Trump takes a look at new tax plan


In an effort to garner Republican agreement on legislation to revamp the U.S. tax system, President Trump has reportedly thrown out the plan from his campaign and is starting from scratch.

White House aides report Trump still aims to reduce tax rates to quickly stimulate economic growth, while not greatly increasing the budget deficit — an extremely challenging goal that has caused Trump to apparently scrap plans by economists who helped assemble one of his campaign’s tax overhaul proposals.

“It’s a little frustrating that they feel they have to write a new tax plan when they have a tax plan,” stated Steven Moore, an economist at the conservative Heritage Foundation who helped to create a plan for the Trump campaign. However, that plan would increase the deficit.

Trump is also reported to have turned down proposals for raising revenues in exchange for tax cuts, such as a carbon tax, but has not yet specified to which trade-offs he may be open.

Due to the failure to repeal and replace the Affordable Care Act last month, the White House appears to be using a different approach by taking a more active role in writing legislation, versus accepting a bill written by lawmakers.

The leading tax blueprint comes from Rep. Kevin Brady (R-Texas), who is the chairman of the Ways and Means Committee. He has proposed a border adjustment system that would end corporate deductions on imports, which would raise $1 trillion over 10 years and possibly fund Trump’s goal to lower corporate taxes.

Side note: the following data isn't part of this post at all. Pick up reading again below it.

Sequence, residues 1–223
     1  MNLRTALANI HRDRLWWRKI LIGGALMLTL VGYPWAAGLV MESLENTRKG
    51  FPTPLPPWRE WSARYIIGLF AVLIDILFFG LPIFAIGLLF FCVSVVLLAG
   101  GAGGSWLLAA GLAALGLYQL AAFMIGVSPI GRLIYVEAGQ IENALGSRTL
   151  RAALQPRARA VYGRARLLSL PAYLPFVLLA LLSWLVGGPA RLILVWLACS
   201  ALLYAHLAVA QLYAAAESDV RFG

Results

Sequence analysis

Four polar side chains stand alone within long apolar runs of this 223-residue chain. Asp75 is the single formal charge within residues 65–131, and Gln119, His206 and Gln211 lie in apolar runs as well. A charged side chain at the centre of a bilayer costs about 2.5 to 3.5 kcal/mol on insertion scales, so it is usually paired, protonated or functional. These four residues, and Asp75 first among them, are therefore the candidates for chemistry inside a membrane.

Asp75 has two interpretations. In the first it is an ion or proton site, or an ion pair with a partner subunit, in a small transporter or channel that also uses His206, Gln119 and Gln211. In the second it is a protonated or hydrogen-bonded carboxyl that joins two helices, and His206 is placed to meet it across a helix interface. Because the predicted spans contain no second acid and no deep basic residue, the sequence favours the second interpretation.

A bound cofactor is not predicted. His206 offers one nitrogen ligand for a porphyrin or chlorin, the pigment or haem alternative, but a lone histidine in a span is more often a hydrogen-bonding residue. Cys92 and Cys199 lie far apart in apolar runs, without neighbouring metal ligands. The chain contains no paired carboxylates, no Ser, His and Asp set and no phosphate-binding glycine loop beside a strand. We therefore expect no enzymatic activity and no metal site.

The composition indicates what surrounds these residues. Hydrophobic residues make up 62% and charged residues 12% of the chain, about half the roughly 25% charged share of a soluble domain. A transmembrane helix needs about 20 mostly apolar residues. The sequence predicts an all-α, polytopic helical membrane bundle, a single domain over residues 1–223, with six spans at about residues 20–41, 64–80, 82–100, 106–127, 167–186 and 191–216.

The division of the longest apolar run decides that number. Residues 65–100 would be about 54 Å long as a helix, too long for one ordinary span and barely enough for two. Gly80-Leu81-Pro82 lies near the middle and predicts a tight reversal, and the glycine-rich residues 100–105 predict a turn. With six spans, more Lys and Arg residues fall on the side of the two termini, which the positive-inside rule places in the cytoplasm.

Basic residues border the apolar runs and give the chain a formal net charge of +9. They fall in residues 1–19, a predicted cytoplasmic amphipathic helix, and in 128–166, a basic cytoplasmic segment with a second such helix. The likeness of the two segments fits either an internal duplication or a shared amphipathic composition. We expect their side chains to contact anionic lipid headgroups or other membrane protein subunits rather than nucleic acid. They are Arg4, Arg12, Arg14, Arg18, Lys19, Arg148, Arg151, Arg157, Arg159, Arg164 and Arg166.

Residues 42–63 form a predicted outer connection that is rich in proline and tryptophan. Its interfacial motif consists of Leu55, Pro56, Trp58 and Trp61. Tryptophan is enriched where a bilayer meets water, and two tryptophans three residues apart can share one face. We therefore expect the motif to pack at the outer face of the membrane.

Unfortunately, Brady’s proposal worries retailers who say it would lead to higher prices and put millions of jobs at risk. Lawmakers also believe it could violate rules of the World Trade Organization (WTO).

Another proposal submitted by a GOP lobbyist would require a new, dedicated funding source for Social Security. The proposal suggests placing a value-added tax on imports, which would be in line with WTO rules and generate $12 trillion over 10 years. This could enable the end of the 12.4 percent payroll tax (split evenly between employees and employers) while keeping the health insurance tax in place, but it would no longer fund Social Security.

While some may see this as a bipartisan solution because former President Obama cut payroll tax after the recession, many believe Democrats will firmly oppose the idea as they do not want anything to undermine Social Security.

While Trump does want to pass the bill with Republican consensus, some are indicating he is also trying to appeal to Democrats.

Some say Trump’s lack of a clear plan, to date, may make it impossible to meet the current August deadline for a tax overhaul set by Treasury Secretary Steve Mnuchin.

Alan Cole, an economist at the conservative Tax Foundation, stated, “The White House is going to need its own clear direction, or it’s going to need to defer to Congress, but saying that your plan is forthcoming and then not producing a plan kind of puts everything in stasis.”

However, others say what is being reported to the public is not representative of the work going on behind the scenes.

A member of the Senate Finance Committee, Sen. Rob Portman, (R-Ohio), stated, “It’s not really what’s going on. What’s going on is, they’re working … on various ideas.”

H/T: Associated Press

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